I agree that intuition is not always linked with visualization. It would be more precise to say intuition is an experiential mode of processing information acquired through the senses, and visual processing is the most prominent tool of intuition. Intuition processes experiential images as opposed to symbolic (linguistic or mathematical) images. Not that this is to say that intuition simply manipulates experiences. Experiential images can be broken down to more basic experiential elements (this may be where the idea of qualia arises) which can then be recombined according to specific principles of integration to produce all we can imagine and all we believe. Whether these principles are metaphoric or reality based, the interesting thing is that they can be identified, questioned and changed. They can come under our conscious influence and so can the intuitive products of our imagination. Thus, aesthetic intuition and culture evolves. And so does our understanding of the nature of identity and causality, our understanding of existence, and our view of our place in the world.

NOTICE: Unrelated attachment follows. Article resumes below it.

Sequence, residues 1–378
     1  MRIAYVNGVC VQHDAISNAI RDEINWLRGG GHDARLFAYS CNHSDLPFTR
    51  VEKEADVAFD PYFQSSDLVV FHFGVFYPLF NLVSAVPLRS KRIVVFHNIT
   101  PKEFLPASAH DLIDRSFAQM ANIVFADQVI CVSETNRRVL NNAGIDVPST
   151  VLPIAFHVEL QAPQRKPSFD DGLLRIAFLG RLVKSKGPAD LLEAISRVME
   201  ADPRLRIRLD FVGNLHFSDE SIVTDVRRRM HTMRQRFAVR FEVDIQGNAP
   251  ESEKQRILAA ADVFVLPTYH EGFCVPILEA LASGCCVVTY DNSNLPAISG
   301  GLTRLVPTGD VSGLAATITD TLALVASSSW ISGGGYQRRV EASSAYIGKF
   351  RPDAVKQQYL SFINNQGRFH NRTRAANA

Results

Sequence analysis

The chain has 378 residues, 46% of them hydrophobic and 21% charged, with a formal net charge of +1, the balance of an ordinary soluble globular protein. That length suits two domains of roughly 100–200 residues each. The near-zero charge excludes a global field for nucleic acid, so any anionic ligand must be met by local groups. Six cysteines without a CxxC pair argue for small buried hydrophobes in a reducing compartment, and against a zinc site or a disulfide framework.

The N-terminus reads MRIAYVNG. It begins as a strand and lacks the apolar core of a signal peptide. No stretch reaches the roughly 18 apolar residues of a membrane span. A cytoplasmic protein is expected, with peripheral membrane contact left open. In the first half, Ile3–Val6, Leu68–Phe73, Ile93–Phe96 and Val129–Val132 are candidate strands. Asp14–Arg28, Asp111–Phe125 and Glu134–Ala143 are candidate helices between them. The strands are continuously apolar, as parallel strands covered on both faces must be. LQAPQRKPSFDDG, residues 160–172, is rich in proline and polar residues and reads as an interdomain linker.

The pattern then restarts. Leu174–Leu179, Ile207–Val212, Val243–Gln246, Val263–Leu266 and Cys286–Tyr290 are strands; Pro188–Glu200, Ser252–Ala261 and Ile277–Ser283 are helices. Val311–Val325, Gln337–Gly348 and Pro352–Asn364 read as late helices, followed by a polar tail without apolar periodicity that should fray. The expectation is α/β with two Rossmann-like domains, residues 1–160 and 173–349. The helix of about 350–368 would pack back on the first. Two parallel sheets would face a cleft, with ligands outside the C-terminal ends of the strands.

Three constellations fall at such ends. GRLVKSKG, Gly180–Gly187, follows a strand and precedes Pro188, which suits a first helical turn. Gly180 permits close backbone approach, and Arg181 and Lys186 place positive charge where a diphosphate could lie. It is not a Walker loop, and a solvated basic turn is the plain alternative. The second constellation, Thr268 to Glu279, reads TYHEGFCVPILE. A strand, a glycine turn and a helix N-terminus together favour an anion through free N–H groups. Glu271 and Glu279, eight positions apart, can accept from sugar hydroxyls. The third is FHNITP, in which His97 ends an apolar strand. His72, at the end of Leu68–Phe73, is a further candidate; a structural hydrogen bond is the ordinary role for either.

Paul

#8 Robert Campbell

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Posted 06 July 2008 - 02:10 PM

Paul,

It's great to see you back here.

I've been a fan of Gary Klein since he came and gave a talk at IBM in the late 1980s. This book is a classic:

http://www.amazon.co...e...3188&sr=1-1

Since then, he's put out a second book aimed at nonpsychologist readers, but this first one is quite accessible in its own right.

Robert Campbell

#9 Paul Mawdsley

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Posted 09 July 2008 - 10:35 PM

Robert and Stephen,
I just wanted to write a note of thanks for your input. I have been quietly reading Kathleen Touchstone's essays, and the other links provided, to try to get a sense of the common language and an idea of where the disagreements lie. I still haven't finished.